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Secondary Students: Invention for Research Writing


This page provides resources for grades 7-12 instructors and students

Contributors:Lauren Huebsch, Allen Brizee
Last Edited: 2014-11-21 02:52:05

Invention For Research Writing

Writing a research paper is different than creative writing. Research involves looking beyond of what you already know in order to find answers to a question or questions.  Therefore, the inventing process for a research paper will look different from the invention process for creative writing.

The First Steps of Research Invention

Identifying your research topic is usually the most difficult part of writing a research paper. The topic is the general idea that the research paper will focus on.

You can begin by reviewing the information contained in the Invention for Secondary Students: Introduction resource. 

However, research invention strategies are different than more general writing invention strategies. As you work on your research writing, you should do the following things:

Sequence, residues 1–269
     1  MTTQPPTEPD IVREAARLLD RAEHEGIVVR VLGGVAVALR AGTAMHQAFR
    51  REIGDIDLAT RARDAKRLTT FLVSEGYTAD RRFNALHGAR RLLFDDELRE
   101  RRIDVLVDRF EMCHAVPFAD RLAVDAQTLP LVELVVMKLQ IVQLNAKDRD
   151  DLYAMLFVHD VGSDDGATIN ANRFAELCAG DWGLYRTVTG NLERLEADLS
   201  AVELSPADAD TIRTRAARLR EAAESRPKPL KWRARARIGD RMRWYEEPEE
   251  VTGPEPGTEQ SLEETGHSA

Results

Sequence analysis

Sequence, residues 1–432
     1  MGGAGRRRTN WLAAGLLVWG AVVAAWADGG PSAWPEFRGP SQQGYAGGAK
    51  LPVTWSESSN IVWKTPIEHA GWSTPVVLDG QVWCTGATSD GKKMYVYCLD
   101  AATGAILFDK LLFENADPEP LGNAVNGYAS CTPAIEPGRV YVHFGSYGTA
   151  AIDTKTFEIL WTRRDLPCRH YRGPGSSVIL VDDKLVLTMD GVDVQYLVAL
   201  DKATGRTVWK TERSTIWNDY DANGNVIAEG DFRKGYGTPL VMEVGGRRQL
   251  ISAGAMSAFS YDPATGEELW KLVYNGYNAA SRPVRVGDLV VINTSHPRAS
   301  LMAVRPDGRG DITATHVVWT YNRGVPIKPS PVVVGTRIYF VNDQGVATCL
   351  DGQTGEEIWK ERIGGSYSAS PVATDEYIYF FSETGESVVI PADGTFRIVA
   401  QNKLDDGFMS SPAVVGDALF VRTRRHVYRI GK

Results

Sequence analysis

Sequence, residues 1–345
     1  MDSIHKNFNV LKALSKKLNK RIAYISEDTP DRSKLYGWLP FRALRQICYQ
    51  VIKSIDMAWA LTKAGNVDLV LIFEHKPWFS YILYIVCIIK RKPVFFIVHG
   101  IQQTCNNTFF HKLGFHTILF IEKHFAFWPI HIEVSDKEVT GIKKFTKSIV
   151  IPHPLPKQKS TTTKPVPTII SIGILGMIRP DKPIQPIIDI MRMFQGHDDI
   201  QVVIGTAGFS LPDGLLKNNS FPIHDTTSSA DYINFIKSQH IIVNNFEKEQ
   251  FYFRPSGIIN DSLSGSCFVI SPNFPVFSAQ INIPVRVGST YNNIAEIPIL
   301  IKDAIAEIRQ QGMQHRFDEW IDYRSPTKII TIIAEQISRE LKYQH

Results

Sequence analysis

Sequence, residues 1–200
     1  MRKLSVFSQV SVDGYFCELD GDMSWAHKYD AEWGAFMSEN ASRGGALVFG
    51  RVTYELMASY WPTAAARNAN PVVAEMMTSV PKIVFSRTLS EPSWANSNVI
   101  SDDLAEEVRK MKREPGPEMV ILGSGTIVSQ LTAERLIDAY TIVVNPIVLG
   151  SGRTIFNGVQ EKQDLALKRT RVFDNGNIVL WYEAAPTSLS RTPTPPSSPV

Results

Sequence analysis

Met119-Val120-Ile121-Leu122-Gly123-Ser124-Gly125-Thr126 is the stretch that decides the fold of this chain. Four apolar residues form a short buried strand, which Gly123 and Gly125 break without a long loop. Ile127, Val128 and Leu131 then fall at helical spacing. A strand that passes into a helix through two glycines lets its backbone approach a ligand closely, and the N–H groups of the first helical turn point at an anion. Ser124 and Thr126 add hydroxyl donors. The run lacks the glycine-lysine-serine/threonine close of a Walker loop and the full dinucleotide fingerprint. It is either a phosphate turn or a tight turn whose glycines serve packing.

For more information on choosing a topic, please see the Choosing a Topic resource on the Purdue OWL. 

When You Begin to Find Sources for Research

There are a lot of articles, encyclopedias, and books in existence. Where can you begin to find the material you need for your topic?

Tracing Backward to Find Sources

Once you find a source that works well for your topic, see if you can find a “Works Cited” page or information about what sources influenced the author of your particular source. Tracing backward like this can give you a wealth of information. Think of it as someone handing you a list of sources that might work very well with your paper topic.

Evaluating Sources 

Be sure that the sources you use are credible. This means that you must find good sources with information you can trust. But how do you know if you can trust a source? Here are some things to look for:

Date of Source

For more information about evaluating sources and finding credible sources, see the Purdue OWL’s resources on Evaluation During Reading and Using Research and Evidence. 

Citing Your Sources

As you use other people’s writings, thoughts, and opinions in your writing, always remember to cite your sources. This means that every time you use a quotation, opinion, or though of another person, you must give credit to that person and the text that they wrote their thoughts in.

For information about citations according to MLA (Modern Language Association), see the MLA Formatting and Style Guide, or see the APA Formatting and Style Guide for APA’s  (American Psychological Association) guidelines, available through the Purdue OWL.

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